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Information on ancient China Architecture

Ancient Chinese Architecture

China is a country with a long history, a rich cultural tradition and an ancient civilization. On this land, our ancestors left us an abundance of splendid, time-honored architectural legacy, which has undergone thousands of years of development to become a distinct part of world architectural history. These features are demonstrated mainly in the following aspects:

1. Chinese Architecture Wooden Framework

Wooden frameworks for buildings appeared at a very early period of Chinese history. First, rows of wooden pillars are raised from the ground, on which horizontal wooden roof beams and crossbeams are placed. The roof timbers are laid on the beams, so that the weight of the roof is all transmitted to the ground by way of the beams and the upright pillars. The advantages of this form of structure are as follows: First, the wooden framework bears all the weight of the building, which makes the installation of both the outer and inner walls flexible and able to be placed in accordance with practical needs. For example, the outer walls can be substantial, thick and made of bricks or stones in the north, and thin, made of bamboo and wooden planks in the south. Doors and windows can be installed between the erected pillars, or the pillars can be left open. Inside, the house can be divided into spaces with different purposes using wooden partitions and screens. Second, the wooden framework is shock resistant, because the parts are linked by mortise-and-tenon joints. So, when subjected to a violent shock such as that from an earthquake, a wooden framework is less likely to break or fall down than a brick or stone one. The wooden pagoda at Fogong Temple in Yingxian County, Shanxi Province, is a 67-m-high wooden structure. In its over 900 years of existence it has been jolted by several earthquakes, but it still stands erect and firm. Third, a wooden framework is easy to construct. Wood is a natural material, not like bricks and tiles which are manufactured. Compared with stones which are also natural materials, wood is much easier to obtain, refine and work on. Covering an area of 720,000 sq m and with nearly 1,000 wooden-framework buildings totaling 160,000 sq m, the Forbidden City (the former Imperial Palace) in Beijing, built in its present form in the Ming Dynasty, took 13 years from the preparation of materials to total completion, in which almost ten years' time was for the preparation of materials, and the time for construction on the spot was no more than three to four years.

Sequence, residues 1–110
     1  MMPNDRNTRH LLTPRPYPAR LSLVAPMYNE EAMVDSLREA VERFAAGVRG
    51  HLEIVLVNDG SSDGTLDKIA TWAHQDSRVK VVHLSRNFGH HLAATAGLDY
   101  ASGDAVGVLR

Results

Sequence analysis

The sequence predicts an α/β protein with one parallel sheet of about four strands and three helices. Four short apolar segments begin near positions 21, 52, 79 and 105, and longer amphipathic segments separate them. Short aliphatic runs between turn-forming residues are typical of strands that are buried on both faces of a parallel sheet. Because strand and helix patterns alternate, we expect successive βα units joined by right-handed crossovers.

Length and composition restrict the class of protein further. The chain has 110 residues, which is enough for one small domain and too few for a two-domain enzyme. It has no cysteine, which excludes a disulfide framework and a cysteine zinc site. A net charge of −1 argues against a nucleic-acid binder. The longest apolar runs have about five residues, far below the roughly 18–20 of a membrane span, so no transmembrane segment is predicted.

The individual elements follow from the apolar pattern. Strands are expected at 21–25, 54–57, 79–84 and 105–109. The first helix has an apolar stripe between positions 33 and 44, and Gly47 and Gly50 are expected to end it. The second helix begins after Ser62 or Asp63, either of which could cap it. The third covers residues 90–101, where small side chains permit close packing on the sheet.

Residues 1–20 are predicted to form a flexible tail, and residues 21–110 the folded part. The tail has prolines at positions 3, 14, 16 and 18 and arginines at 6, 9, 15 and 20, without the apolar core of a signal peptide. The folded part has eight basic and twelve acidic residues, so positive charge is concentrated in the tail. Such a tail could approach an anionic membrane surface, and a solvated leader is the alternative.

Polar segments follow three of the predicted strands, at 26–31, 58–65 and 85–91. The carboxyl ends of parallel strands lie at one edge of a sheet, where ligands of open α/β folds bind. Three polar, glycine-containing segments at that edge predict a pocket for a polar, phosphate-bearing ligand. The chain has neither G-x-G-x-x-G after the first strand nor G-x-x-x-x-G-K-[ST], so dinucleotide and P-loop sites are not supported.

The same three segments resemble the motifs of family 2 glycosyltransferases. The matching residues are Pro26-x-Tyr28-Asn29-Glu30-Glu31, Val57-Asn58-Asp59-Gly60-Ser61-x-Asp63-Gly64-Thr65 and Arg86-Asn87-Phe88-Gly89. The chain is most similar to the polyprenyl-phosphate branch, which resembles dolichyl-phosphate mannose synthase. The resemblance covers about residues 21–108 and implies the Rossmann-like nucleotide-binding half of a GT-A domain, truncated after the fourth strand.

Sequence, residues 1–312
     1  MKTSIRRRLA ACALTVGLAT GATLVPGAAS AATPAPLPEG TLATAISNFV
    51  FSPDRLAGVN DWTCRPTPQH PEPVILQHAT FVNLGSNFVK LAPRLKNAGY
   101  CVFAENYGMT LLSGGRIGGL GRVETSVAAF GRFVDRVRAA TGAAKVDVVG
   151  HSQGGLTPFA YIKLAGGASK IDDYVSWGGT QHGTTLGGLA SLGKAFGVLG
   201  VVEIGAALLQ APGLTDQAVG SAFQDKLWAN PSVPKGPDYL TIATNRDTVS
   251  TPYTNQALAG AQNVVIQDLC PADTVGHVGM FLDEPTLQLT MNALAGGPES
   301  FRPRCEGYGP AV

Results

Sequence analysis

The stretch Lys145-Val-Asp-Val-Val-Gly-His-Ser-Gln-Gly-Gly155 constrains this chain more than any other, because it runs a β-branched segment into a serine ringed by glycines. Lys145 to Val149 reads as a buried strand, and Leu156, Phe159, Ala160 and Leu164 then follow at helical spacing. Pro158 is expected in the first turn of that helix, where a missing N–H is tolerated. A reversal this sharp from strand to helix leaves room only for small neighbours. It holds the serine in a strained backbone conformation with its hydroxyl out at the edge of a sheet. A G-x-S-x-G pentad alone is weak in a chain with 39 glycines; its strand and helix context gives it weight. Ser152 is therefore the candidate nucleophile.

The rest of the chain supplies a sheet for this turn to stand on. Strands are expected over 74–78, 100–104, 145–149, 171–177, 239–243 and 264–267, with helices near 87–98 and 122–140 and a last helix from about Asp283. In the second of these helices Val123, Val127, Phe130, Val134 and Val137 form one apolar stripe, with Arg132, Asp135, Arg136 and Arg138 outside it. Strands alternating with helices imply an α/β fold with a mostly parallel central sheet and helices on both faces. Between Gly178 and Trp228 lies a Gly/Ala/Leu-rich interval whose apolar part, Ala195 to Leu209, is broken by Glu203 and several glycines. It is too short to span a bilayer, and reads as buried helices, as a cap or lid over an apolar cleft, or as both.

Of course, wooden structures also have their disadvantages. Their durability is not as good as structures of brick or stone. Wood is vulnerable to fire and humidity, and attacks by insects. Thus, wooden structures tend to last a shorter time than brick or stone structures. For example, such an important building as the Taihedian (Hall of Supreme Harmony) in the Forbidden City had had to be rebuilt time and again after being destroyed by fire. Besides, wood grows very slowly and cannot be cut on a large scale recklessly.




2. Chinese Architecture Collective Layout of Structures

Traditional Chinese buildings are always found in pairs of groups, whether they are residences, temples of palaces.